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Last Updated: Monday, 19 March 2007, 14:12 GMT
Turkmen leader restores pensions
Kurbanguly Berdymukhamedov at his inauguration ceremony on 14 February 2007
Mr Berdymukhamedov is showing signs of implementing change
Turkmenistan's new president has reversed a decision of his predecessor by restoring pensions to more than 100,000 elderly citizens.

President Kurbanguly Berdymukhamedov signed into law a new Code of Social Guarantees restoring pensions that were taken away a year ago.

New state benefits have also been introduced.

Mr Berdymukhamedov was made president in February after the death of autocratic ruler Saparmurat Niyazov.

While the new leader has pledged to follow the ways of his predecessor, he has also shown signs of wanting to move forward a country that was ruled with an iron fist for more than two decades.

Contradicted promise?

One of Mr Niyazov's most unpopular policies came in February 2006 when he ended state maternity and sick leave payments and cancelled pensions paid to 100,000 senior citizens.

Analysts at the time attributed the move to a shortage in the state pension fund, which had forced Mr Niyazov to siphon hard cash from currency reserves to pay the previous year's benefits bill.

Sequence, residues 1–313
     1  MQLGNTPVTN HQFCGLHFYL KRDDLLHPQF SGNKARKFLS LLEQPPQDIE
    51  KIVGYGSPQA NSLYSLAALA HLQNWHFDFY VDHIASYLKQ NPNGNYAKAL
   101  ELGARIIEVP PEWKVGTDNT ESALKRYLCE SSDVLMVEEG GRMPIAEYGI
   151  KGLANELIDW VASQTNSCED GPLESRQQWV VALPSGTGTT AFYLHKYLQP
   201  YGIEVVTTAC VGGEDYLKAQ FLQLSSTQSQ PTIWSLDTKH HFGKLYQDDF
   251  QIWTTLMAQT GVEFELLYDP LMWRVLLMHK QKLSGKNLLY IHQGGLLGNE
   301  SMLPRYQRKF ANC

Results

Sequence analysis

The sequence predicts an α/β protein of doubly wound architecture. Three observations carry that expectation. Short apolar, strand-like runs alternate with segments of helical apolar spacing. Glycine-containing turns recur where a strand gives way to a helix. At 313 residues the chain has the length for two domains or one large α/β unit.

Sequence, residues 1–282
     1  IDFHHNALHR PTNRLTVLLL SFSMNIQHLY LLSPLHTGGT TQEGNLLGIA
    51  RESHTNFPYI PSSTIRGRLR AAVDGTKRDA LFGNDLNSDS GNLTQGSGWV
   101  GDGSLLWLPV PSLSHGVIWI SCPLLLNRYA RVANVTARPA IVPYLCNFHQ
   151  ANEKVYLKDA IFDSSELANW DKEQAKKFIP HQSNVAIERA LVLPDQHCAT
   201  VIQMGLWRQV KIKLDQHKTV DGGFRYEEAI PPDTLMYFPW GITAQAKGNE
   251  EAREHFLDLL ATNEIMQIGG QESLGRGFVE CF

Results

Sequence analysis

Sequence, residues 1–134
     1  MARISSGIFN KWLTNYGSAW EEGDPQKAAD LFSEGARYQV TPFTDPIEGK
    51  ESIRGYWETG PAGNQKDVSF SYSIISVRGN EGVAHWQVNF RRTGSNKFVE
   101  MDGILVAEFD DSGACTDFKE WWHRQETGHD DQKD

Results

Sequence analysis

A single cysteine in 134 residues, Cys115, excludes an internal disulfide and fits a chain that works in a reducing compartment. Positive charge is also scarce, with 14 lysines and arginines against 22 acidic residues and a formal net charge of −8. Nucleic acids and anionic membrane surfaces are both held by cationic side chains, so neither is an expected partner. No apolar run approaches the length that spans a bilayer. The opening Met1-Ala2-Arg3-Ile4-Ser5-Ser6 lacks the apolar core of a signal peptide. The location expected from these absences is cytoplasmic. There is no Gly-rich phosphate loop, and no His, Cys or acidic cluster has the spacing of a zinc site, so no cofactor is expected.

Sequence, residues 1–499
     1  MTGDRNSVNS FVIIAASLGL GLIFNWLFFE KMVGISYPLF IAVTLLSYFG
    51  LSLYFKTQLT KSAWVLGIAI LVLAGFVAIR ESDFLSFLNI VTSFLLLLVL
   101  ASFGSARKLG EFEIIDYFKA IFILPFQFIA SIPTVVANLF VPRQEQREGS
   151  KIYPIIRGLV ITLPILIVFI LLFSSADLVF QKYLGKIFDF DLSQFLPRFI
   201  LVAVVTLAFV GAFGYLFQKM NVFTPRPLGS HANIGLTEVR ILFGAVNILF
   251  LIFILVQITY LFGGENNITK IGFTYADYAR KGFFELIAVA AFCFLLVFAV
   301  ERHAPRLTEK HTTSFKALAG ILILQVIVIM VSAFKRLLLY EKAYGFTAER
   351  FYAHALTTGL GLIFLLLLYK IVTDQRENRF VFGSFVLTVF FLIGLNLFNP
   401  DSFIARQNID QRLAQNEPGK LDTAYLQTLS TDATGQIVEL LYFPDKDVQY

Turkmenistan's map

Under the new rules, "all retirees whose pensions have been taken away will get them back," the social ministry said.

Pensions for families of war veterans will rise to one million manat ($40), while eligibility for pensions by those who have been unable to work will be made easier.

A one-time payment for each newborn baby as well as maternity benefits until the child is 18 months old are also being introduced, Social Security Minister Gurbandurdy Kakalyyew said.

The minimum pension in Turkmenistan is currently about 300,000 manat ($12) a month.

The BBC's correspondent in Central Asia, Natalia Antelava, says it is still very early to adequately assess how much Mr Berdymukhamedov will differ from his predecessor.

But certain moves since his election - such as extending the number of school years and putting foreign languages back on the curriculum - seem to contradict his promises of loyalty to the late leader, our correspondent adds.

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